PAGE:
Blades of gory: Teaching kids to slice and dice
Play out this scenario in your head: A writer publishes a cookbook for children, and as part of the book promotion, pens an op-ed in which she advocates handing your kid a gleaming chef’s knife so they can begin working on their high-speed lopping skills.
As you might expect, when this actually happened, a lot of people got worked up. For a moment there, Sarah Elton, the writer in question, was trending on Twitter in Toronto, where her op-ed ran.
But here’s what’s surprising about the whole episode: Rather than condemning Elton as a bad mother, practically everyone agreed with her.
This, I think, signifies a tipping point in American culture. We still may be unreasonably risk-averse, but the fact that Elton wasn’t trolled by protective parents is a promising data point. It suggests that we’re coming around to the realization that the risk of julienning a pinky is far outweighed by the risks that come from failing to teach kids about food.
OK, there was one slightly cranky letter to the editor, but that was actually just an objection to the conditions in the picture that ran with the story (kids kneeling on a countertop to stir a pot). And even in that case the commenter mentioned that her daughter had been using knives and making her own scrambled eggs from the age of 3. Wait, am I still in the western hemisphere?
The case Elton makes for teaching cooking to kids is also the case for her new book, Starting from Scratch: What You Should Know about Food and Cooking. It’s dangerous not to teach kids to cook — it’s a basic survival skill.
It might sound extreme to say it’s imperative to invite your six-year-old to help truss a chicken but the stakes are high. The British organization, Children’s Food Trust, which advocates for kids’ nutrition and works to build a body of evidence-based research, found in a recent study that children who cook before the age of eight are 50 per cent more likely to prepare at least five meals from scratch a week when they grow up. Cooking when young builds skills for later in life — and sets a kid up for making healthier food choices. That’s because when you make food from scratch, you get to decide what goes into your body.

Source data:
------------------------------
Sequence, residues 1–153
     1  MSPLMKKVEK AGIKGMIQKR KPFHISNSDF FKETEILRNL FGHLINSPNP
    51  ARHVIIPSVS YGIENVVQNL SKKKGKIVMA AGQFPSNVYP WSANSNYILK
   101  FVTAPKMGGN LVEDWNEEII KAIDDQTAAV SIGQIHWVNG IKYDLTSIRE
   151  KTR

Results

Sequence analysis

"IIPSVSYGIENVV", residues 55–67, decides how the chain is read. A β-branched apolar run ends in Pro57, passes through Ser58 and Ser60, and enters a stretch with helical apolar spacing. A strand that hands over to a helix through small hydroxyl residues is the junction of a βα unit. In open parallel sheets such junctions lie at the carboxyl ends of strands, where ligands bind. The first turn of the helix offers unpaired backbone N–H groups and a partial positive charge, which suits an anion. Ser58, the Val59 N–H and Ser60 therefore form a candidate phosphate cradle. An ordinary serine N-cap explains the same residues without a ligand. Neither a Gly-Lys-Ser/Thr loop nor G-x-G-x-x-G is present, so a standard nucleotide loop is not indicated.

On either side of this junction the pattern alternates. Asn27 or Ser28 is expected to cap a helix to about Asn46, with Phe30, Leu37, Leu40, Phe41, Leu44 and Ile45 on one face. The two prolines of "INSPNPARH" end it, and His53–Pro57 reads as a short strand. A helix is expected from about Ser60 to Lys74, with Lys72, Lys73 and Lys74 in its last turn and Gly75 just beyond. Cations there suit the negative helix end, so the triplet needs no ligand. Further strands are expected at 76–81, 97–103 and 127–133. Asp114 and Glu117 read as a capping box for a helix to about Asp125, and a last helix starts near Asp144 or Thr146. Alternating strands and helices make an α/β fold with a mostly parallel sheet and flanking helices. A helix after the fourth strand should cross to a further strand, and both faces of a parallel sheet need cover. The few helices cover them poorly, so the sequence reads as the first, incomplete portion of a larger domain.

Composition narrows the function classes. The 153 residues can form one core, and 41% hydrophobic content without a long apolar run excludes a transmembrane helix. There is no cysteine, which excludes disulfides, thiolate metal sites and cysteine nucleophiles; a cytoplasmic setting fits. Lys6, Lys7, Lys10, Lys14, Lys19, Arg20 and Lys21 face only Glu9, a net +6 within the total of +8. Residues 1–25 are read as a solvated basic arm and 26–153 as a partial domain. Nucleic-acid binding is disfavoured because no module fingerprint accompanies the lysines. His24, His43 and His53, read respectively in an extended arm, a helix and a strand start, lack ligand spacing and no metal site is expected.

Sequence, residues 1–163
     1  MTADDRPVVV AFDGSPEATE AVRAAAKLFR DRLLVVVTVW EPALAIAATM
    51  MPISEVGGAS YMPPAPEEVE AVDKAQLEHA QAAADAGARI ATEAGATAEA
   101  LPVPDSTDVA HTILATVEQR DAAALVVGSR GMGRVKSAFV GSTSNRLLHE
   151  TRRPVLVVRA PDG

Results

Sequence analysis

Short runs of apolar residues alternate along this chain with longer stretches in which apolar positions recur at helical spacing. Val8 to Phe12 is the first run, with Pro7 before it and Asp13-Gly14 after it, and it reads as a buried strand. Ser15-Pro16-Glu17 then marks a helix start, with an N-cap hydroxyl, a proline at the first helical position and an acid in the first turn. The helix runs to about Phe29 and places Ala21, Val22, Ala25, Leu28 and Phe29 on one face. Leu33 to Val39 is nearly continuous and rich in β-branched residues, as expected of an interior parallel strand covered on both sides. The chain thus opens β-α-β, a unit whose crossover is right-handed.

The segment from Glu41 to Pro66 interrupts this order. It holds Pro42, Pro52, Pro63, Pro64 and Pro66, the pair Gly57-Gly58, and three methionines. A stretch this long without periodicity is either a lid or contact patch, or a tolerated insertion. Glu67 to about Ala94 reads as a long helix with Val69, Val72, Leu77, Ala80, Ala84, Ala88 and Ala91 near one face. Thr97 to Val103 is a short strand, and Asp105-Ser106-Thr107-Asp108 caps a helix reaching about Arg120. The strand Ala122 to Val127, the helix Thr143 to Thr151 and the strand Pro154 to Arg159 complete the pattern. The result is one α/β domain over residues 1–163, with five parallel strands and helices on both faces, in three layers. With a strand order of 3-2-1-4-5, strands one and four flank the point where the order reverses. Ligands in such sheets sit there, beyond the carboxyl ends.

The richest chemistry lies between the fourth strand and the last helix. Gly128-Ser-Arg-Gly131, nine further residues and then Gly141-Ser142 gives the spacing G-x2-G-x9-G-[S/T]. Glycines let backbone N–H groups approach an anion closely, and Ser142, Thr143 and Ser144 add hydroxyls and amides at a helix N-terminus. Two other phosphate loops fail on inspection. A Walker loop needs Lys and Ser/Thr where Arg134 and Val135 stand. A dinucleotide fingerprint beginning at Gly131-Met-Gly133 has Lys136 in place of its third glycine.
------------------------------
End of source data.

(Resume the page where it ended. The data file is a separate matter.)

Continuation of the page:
Perhaps I should add a caveat here: Elton didn’t write this as a provocation, and her modest proposal is, actually, pretty modest. She simply points out that there are other places, namely France, that do things differently.
In Paris, I visited a cooking school associated with a Michelin-starred chef where they teach kids, as well as adults, to pan-fry fish or prepare escargots. I observed a long row of chef knives on the wall and asked the director if they let the kids use them. He looked at me incredulously. “Of course we do,” he said. “But we wait until they’re old enough. We wait until they are six.”
If you can imagine first-graders cooking escargot it’s not such a leap to suggest that they might actually eat them. And if you can get kids to relish snails, is there any dietary hurdle too high? There’s research showing that children are more likely to eat healthy food if they’re involved in the cooking, and even more so if they are involved in the growing. Which makes perfect sense: I’m not going to try something icky-looking of unknown provenance, but if I’ve labored to make the thing, of course I’m going to eat it. As is so often the case in this long-distance world, the ultimate source of the problem is lack of connection.
Maybe the letters of protest just haven’t come in yet, but I’m hopeful that we really have reached a turning point. If there’s anything I would have judged more unlikely than teaching American children to eat snails, it’s American parents handing chef’s knives to their kids.
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